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Scientifically known as a rhytidectomy, the facelift pulls back limp skin and repositions sagging and lax fat and muscle.

Facelift Side Effects

Risks of a facelift include bleeding, infection, injury to facial nerves, pronounced scarring, loss of hair near the incision (it grows back), asymmetry between the two sides of the face, injury to the nerves responsible for facial movement, skin necrosis (loss of skin), and hematoma (blood vessel damage).

Who shouldn't use it: Contraindications for facelifts include hypertension (high blood pressure), smoking addictions, scarring problems, bleeding issues, and a tendency to form keloids and hypertrophic scars. Eyelid and forehead work require separate surgery (blepharoplasty and brow lifts, respectively).

Drawbacks: 12-13 years after surgery, 30% of patients in a controlled study were disappointed with some aspect of the results.

Recovery Time For Facelift

Dressings are removed after one to five days. Makeup can be used to cover bruising on the face after one week. Patients may consider returning to work in two weeks time.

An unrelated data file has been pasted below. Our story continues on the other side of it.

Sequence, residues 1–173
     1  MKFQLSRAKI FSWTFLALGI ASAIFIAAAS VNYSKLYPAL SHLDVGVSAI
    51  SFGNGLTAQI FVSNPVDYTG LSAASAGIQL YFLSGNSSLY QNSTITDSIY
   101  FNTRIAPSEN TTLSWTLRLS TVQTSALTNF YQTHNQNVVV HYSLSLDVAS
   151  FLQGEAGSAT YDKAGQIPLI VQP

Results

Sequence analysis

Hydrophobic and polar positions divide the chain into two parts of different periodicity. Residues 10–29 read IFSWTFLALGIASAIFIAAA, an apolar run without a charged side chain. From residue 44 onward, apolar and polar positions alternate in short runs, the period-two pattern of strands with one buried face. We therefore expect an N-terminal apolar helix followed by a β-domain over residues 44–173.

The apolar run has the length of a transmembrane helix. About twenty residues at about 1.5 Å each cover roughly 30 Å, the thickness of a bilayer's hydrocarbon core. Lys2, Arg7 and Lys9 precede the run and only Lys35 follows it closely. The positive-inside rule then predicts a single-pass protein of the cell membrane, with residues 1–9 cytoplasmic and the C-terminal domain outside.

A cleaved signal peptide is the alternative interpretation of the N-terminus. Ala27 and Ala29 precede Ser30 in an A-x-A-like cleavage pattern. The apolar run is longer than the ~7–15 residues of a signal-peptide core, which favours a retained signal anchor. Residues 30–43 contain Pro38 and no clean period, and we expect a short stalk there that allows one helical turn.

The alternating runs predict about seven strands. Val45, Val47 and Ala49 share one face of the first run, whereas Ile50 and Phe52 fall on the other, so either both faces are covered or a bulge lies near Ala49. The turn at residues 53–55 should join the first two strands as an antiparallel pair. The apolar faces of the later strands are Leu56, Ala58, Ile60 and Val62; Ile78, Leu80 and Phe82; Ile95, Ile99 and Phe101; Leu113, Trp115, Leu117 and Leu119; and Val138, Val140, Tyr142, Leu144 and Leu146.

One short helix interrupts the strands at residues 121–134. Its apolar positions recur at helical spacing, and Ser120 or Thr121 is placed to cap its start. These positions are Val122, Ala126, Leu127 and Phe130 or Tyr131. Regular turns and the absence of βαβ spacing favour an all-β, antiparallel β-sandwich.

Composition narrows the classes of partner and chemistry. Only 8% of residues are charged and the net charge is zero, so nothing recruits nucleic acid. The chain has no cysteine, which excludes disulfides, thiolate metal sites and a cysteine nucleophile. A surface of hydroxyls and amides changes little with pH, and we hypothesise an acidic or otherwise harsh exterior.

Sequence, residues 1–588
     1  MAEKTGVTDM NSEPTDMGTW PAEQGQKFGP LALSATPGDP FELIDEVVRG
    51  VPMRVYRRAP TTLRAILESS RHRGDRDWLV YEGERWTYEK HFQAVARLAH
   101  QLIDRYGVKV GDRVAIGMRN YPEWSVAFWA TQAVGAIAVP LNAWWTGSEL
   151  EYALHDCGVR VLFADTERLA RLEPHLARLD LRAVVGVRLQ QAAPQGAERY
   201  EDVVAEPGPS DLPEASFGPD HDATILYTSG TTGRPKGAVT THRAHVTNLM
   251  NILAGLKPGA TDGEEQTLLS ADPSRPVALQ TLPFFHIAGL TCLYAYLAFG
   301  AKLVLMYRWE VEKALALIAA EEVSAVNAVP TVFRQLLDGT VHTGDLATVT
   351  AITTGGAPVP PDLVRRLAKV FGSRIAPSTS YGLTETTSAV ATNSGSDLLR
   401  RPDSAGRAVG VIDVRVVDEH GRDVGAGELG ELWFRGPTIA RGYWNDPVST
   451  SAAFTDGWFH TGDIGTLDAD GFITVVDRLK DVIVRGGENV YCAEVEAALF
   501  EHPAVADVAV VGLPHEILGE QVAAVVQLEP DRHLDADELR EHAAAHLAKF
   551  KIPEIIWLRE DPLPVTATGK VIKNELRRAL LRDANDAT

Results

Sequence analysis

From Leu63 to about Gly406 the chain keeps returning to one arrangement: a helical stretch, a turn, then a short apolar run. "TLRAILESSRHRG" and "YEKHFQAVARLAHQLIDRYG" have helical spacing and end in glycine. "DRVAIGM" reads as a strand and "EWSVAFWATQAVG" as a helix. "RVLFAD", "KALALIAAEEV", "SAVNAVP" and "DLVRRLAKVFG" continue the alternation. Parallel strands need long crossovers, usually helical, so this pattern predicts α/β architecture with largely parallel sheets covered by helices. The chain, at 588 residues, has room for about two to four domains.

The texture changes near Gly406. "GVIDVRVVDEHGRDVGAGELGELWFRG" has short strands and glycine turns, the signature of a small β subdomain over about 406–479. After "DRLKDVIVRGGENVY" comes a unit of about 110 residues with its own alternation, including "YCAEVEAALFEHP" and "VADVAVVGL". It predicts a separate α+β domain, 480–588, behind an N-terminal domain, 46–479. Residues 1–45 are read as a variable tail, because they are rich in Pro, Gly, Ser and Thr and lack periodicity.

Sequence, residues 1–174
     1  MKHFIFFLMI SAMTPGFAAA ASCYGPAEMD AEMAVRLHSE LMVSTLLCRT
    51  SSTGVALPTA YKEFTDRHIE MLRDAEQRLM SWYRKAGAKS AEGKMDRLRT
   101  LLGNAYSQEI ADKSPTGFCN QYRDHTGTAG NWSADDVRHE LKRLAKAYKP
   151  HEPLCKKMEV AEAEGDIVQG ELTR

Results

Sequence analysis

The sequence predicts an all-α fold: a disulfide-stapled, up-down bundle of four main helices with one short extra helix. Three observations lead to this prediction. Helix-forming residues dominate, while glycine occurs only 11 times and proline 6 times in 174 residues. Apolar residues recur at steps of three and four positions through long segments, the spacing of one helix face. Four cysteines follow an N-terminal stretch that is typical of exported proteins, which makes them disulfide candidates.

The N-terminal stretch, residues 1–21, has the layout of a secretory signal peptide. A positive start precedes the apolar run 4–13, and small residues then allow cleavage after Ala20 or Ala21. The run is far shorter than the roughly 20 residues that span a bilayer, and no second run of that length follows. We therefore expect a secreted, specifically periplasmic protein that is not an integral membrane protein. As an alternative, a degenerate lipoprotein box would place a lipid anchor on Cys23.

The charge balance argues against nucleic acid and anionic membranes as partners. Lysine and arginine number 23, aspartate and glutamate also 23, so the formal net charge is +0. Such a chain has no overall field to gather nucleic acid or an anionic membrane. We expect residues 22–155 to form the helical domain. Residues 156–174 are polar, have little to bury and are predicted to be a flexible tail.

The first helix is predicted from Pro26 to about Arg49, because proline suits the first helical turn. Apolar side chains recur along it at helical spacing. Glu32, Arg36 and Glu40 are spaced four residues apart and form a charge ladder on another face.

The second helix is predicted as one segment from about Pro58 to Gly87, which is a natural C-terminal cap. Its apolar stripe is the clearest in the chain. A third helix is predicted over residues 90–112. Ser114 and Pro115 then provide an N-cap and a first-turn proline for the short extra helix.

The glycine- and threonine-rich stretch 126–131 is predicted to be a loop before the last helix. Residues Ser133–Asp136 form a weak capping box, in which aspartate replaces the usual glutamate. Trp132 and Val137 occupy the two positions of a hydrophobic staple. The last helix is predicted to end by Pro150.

After care for facelift: Avoid aspirin, ibuprofen, and anti-inflammatory drugs for the first two to three days. Don't smoke. Hanging around smokers can be just as dangerous, since secondhand smoke is harmful too.

Bandages minimize bruising and swelling. These will be kept on for about five days (though sometimes only a day is needed). Stitches can be removed in five days too. Keep your head raised at a 30 degree angle using pillows during this time. Avoid strenuous activities for the first two weeks, including exercise and heavy lifting.

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